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Christopher Ward The Twelve (36) Watch Review

Christopher Ward The Twelve 36mm

If you pay even the smallest bit of attention to the watchmaking landscape here in the UK then you’ll already be familiar with Christopher Ward’s The Twelve, their retro 1970s style integrated bracelet sports watch. Less than six months later they’ve launched a new edition of the watch 36mm, called, you guessed it, The Twelve (36). There are four colourways being launched at this size and I have two of them here in front of me, so let’s get hands on and see how they stack up.

Christopher Ward The Twelve 36mm

Considering that the original The Twelve was 40mm, jumping down to 36mm is quite a shock. It feels significantly lighter and smaller on the wrist. Which is perhaps exacerbated by the fact I recently had the chance to try on the 35mm Tissot PRX and that felt bigger. Although, the pronounced crown guards of The Twelve do make it look broader and the integrated bracelet hides the relatively short lug-to-lug.

Christopher Ward The Twelve 36mm

The argument will definitely be made by some quarters that they’re very feminine. On balance I’d agree with that when it comes to my personal tastes and certain colourways. The Alta White edition with rose gold coloured hands and hour markers doesn’t really suit me and the second version I have here is a touch too light. It’s a cool mint green colour called the Frosted Lichen edition and it’s a colour exclusive to the 36 whereas the other three (the two not here being dark and light blue) are variations on the existing 40mm collection.

Christopher Ward The Twelve 36mm

At least the Lichen is the first Twelve that really makes the textured pattern of the dial work in its favour. The pattern itself consists of a repeating cross shape inspired by the Christopher Ward logo and it’s been scaled down to fit the new size, meaning at a distance or certain angles it almost looks like a Clous de Paris hobnail. Combine that with the green shade and it almost looks like the surface of its namesake, lichen. Of course, get a macro lens on it and it’ll still look like a skate park for ants. Just a smaller species.

Christopher Ward The Twelve 36mm

Taking it off and flipping it over reveals the movement through the sapphire crystal exhibition caseback. It’s the Sellita SW 200-1 with 38-hour power reserve featuring a custom CW rotor, it’s the same calibre as used in the steel 40mm models so no surprises here. While I’m looking at the caseback I also see that the watch has a 100m water resistance rating which leans into the idea of it being a watch you can wear on all occasions no matter the activity.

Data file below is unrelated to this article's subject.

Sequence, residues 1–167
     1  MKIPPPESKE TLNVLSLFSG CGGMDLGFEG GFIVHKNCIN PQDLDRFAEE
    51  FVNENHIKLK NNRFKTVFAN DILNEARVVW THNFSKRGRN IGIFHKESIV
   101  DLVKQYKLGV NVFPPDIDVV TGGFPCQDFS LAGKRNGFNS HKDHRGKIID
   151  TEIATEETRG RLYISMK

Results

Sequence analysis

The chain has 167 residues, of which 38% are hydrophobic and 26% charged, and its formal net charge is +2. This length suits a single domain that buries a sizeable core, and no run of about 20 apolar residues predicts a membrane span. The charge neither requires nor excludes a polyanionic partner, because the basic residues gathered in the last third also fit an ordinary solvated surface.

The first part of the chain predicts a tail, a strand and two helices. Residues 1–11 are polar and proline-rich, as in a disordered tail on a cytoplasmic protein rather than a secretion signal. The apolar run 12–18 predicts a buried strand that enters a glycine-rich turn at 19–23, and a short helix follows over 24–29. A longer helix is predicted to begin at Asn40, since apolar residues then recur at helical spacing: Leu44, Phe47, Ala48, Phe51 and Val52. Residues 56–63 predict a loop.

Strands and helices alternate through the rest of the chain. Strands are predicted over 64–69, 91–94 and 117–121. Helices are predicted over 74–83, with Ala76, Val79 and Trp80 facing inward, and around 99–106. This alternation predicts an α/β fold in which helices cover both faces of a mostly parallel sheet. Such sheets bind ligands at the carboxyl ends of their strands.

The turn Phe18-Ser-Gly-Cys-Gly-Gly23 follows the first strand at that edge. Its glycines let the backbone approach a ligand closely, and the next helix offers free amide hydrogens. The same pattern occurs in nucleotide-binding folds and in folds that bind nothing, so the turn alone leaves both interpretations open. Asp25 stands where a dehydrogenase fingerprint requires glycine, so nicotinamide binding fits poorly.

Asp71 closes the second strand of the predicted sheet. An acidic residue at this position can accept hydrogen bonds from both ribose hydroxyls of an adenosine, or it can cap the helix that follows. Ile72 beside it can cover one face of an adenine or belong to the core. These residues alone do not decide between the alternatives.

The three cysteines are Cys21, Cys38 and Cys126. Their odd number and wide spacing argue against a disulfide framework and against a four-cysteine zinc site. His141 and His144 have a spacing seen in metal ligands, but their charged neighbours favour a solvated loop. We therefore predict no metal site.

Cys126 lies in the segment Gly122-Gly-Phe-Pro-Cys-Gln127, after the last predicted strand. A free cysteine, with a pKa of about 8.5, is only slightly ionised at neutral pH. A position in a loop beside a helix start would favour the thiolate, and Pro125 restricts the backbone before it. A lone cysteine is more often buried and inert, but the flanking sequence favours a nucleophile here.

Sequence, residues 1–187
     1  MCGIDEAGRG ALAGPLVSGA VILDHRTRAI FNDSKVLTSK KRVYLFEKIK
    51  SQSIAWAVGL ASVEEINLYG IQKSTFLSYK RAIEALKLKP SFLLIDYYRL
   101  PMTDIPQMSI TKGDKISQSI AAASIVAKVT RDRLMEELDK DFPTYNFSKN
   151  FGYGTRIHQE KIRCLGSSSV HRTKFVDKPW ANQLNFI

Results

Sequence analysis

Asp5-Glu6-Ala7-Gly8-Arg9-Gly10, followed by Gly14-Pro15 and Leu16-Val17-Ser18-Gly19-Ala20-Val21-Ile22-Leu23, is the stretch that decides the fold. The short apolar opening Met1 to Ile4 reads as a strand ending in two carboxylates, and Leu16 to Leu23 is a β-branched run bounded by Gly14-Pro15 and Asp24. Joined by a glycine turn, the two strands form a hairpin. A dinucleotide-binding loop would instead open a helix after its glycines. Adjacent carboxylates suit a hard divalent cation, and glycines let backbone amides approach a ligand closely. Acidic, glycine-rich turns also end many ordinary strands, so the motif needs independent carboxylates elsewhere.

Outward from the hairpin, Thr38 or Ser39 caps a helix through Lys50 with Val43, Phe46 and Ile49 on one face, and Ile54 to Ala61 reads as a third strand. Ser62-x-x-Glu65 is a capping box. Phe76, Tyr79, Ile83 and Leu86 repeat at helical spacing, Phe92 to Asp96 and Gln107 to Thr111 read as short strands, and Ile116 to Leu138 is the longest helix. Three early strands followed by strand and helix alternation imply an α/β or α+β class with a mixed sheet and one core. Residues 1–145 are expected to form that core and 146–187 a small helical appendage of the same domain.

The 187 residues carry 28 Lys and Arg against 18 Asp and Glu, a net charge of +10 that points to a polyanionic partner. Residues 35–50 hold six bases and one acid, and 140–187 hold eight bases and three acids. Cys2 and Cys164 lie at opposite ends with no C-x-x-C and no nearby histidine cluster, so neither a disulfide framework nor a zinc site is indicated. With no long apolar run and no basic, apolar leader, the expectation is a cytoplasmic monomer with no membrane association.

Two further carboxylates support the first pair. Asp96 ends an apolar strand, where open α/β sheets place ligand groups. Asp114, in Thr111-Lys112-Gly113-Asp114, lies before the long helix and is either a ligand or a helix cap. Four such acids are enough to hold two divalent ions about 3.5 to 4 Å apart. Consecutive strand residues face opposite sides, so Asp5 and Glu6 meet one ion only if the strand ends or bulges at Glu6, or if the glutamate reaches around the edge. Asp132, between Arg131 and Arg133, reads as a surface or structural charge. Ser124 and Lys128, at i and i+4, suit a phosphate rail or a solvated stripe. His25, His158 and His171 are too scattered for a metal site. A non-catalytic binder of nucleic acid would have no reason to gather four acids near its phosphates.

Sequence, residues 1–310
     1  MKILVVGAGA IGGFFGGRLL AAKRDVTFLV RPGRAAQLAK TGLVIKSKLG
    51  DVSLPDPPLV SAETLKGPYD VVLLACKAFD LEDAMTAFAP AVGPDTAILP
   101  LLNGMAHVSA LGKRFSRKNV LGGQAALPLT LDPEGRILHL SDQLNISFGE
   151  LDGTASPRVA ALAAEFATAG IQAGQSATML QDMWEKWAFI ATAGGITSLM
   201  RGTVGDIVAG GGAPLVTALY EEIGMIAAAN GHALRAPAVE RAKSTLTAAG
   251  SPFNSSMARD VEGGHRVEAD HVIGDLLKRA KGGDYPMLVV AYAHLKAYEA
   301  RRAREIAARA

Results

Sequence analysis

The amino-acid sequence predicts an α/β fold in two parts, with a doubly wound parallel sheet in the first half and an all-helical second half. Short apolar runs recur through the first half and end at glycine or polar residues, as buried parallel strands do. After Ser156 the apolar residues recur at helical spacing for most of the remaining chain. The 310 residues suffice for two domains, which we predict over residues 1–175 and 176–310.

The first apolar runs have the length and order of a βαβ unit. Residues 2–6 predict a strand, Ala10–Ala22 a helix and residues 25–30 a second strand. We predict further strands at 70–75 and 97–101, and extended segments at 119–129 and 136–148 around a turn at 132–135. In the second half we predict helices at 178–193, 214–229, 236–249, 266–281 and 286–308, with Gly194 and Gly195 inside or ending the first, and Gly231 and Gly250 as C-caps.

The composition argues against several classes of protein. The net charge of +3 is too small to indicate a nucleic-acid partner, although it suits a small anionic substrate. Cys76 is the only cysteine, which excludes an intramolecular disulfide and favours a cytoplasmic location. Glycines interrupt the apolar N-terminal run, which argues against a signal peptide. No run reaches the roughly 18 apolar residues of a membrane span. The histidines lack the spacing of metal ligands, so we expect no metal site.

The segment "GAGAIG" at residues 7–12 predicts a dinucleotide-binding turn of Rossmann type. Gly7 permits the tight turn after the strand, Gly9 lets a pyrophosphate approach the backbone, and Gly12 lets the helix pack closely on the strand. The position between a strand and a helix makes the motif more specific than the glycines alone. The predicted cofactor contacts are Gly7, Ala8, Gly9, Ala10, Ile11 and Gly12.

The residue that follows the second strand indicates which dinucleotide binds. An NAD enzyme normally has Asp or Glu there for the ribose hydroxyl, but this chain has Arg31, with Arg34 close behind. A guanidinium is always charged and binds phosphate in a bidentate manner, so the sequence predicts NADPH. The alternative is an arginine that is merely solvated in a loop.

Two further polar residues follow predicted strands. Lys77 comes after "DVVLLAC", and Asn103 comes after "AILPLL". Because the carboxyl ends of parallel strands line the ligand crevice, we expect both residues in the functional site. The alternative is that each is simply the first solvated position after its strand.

Christopher Ward The Twelve 36mm

Both versions I have here are presented on stainless steel bracelets although they are available on alternative rubber straps. On bracelet the Christopher Ward The Twelve (36) is priced at £1,050 while the rubber is more accessible at £850. The ultimate question then, is would you buy a Twelve (36) or the original 40mm? Only you know which your preference is but for me, I’m kind of sad that there’s not a 38mm version to split the difference.

Price & Specs:

  • Model: Christopher Ward The Twelve (36)
  • Case/dial: 36mm diameter x 9.95mm thickness, stainless steel case with Glacier Blue, Nordic Blue, Alta White or Frosted Lichen textured dial
  • Water resistance: 100m (10 bar)
  • Movement: Sellita calibre SW200-1, automatic, 26 jewels
  • Frequency: 28,800 vph (4 Hz)
  • Power reserve: 38h
  • Functions: Hours, minutes, seconds
  • Strap: Rubber or stainless steel bracelet
  • Price/availability: £850 (rubber strap) or £1,050 (steel bracelet)

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About the author

Michael Sonsino

As Digital Editor for Oracle Time, Michael needs an eye for detail, which makes it a good thing that his twin joys in life are miniatures and watches. He's a lifelong fan of fine timepieces, especially those of a more historic nature - if it has a twist of Art Deco, all the better. Recent purchase: Seiko Prospex 1959 Alpinist Modern Re-Interpretation. Grail watch: Vacheron Constantin Historiques American 1921.